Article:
Confirming WND’s exclusive reporting for over a year, the New York Times two days ago reported that since early 2012, the CIA has been aiding Arab governments and Turkey in obtaining and shipping weapons to the Syrian rebels.
While the Times report claims most of the weapons shipments facilitated by the CIA began after the latest presidential election, Middle Eastern security officials speaking to WND have said U.S.-aided weapons shipments go back more than a year, escalating before the Sept. 11, 2012, attack on the U.S. facilities in Benghazi.
In fact, the Middle Eastern security officials speaking to WND since last year describe the U.S. mission in Benghazi and nearby CIA annex attacked last September as an intelligence and planning center for U.S. aid to the rebels in the Middle East, particularly those fighting Syrian President Bashar al-Assad’s regime.
The aid, the sources stated, included weapons shipments and was being coordinated with Turkey, Saudi Arabia and Qatar.
Days after the Benghazi attack that killed U.S. Ambassador Christopher Stevens, WND broke the story that Stevens himself played a central role in recruiting jihadists to fight Assad’s regime in Syria, according to Egyptian and other Middle Eastern security officials.
Stevens served as a key contact with the Saudis to coordinate the recruitment by Saudi Arabia of Islamic fighters from North Africa and Libya. The jihadists were sent to Syria via Turkey to attack Assad’s forces, said the security officials.
The officials said Stevens also worked with the Saudis to send names of potential jihadi recruits to U.S. security organizations for review. Names found to be directly involved in previous attacks against the U.S., including in Iraq and Afghanistan, were ultimately not recruited by the Saudis to fight in Syria, said the officials.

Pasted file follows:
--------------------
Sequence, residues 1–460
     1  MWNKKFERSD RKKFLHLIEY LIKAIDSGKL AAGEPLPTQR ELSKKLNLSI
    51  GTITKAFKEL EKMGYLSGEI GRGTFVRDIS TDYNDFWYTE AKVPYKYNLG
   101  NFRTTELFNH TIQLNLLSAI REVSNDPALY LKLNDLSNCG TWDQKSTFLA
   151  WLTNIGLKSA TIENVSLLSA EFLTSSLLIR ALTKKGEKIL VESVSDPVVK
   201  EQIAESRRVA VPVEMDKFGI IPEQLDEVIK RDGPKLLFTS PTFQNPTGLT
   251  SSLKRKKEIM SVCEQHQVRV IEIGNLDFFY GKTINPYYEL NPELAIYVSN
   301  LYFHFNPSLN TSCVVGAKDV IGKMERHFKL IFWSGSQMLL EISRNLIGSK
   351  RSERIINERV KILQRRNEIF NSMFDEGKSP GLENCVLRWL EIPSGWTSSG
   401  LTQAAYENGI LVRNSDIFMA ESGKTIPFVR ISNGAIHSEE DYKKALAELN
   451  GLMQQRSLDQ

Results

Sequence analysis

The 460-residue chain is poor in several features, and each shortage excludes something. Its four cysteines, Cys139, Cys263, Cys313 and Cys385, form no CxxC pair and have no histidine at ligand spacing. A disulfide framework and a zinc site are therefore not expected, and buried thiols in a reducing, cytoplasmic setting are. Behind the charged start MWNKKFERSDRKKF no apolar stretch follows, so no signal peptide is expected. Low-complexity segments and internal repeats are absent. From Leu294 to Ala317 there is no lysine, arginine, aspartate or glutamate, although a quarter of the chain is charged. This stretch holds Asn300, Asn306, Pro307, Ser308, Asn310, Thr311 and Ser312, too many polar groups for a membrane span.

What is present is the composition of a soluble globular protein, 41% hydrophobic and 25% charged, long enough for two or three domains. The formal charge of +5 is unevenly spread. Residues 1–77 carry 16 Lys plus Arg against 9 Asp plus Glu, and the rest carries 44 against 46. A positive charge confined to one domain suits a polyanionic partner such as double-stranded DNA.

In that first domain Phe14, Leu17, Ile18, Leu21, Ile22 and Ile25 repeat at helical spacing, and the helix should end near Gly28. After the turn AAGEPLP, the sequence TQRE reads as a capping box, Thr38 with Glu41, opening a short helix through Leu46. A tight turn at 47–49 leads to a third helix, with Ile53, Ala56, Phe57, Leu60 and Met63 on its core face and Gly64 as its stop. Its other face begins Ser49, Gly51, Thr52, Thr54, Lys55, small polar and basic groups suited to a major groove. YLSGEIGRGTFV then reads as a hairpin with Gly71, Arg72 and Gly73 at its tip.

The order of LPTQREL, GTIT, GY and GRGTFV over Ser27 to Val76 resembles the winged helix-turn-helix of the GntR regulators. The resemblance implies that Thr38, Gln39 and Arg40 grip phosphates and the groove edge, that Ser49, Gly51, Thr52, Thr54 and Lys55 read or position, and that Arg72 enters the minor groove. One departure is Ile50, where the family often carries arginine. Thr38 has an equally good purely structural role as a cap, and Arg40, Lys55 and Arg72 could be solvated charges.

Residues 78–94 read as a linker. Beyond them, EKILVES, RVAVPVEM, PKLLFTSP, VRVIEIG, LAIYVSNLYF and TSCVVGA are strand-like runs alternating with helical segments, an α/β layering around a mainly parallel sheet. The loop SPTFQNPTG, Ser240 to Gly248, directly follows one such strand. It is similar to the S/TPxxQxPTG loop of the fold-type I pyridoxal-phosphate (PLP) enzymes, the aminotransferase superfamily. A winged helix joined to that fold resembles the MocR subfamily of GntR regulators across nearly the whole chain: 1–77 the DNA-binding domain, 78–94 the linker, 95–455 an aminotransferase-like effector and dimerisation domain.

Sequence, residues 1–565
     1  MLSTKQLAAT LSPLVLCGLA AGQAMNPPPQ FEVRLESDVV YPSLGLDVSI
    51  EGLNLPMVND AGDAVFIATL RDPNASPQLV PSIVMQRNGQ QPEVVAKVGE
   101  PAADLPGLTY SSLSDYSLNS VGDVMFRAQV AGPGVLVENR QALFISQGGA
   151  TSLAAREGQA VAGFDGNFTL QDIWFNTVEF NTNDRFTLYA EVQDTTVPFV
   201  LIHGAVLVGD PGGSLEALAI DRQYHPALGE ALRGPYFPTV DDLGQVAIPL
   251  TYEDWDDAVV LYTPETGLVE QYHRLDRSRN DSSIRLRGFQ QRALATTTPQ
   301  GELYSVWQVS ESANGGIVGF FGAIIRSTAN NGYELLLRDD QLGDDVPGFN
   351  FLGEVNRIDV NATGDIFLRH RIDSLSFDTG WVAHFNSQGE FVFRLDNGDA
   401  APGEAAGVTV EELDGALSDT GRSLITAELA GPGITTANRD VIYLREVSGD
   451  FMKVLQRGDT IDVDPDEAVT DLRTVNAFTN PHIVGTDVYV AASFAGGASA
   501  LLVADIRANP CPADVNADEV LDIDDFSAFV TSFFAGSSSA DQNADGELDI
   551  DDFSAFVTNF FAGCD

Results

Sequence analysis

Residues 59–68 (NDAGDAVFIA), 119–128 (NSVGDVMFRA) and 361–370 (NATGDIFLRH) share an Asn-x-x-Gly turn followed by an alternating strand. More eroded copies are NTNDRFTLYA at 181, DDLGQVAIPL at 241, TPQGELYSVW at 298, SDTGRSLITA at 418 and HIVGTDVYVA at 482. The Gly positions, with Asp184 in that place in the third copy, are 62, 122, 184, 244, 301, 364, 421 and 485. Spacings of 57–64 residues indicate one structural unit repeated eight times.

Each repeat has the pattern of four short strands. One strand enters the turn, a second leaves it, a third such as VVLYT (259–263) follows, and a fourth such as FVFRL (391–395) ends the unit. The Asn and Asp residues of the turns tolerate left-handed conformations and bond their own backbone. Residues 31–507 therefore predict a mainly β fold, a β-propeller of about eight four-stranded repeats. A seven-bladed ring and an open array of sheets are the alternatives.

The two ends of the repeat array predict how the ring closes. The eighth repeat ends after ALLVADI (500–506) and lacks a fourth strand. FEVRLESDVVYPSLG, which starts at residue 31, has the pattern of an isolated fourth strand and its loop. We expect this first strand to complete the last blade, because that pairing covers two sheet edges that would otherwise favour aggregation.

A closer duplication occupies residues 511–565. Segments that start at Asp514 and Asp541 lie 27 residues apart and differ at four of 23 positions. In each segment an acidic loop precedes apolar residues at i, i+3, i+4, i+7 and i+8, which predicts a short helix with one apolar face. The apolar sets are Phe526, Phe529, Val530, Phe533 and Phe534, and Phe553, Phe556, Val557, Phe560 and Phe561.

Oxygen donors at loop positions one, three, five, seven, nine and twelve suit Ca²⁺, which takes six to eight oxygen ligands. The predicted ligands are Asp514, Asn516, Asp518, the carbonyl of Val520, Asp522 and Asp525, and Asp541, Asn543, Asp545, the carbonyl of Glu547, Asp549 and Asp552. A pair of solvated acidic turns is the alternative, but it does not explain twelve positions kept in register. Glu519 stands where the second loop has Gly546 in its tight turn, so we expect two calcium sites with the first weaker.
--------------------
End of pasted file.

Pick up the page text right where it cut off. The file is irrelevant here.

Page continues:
Now the New York Times has bolstered WND’s reporting, citing air traffic data, interviews with officials in several countries and the accounts of rebel commanders describing how the CIA has been working with Arab governments and Turkey to sharply increase arms shipments to Syrian rebels in recent months.
The Times reported that the weapons airlifts began on a small scale in early 2012 and continued intermittently through last fall, expanding into a steady and much heavier flow late last year, the data shows.
The Times further revealed that from offices at “secret locations,” American intelligence officers have helped the Arab governments shop for weapons, including a large procurement from Croatia. They have vetted rebel commanders and groups to determine who should receive the weapons as they arrive.
The CIA declined to comment to the Times on the shipments or its role in them.
The Times quoted a former American official as saying that David H. Petraeus, the C.I.A. director until November, had been instrumental in helping set up an aviation network to fly in the weapons. The paper said Petraeus had prodded various countries to work together on the plan.
Petraeus did not return multiple emails from the Times asking for comment.
Both WND’s reporting, which first revealed the U.S.-coordinated arms shipments, and the Times reporting starkly contrast with statements from top U.S. officials who have denied aiding the supply of weapons to the rebels.
Last month, the White House flatly denied involvement in arming the Syrian rebels, going so far as to say the Obama administration rejected a plan by former Secretary of State Clinton and then-CIA Director Petraeus to help arm the rebels.
‘Nobody has ever raised that with me’
Further, in testimony during the Benghazi hearings, Clinton claimed she did not know whether the U.S. was aiding Turkey and other Arab countries in procuring weapons.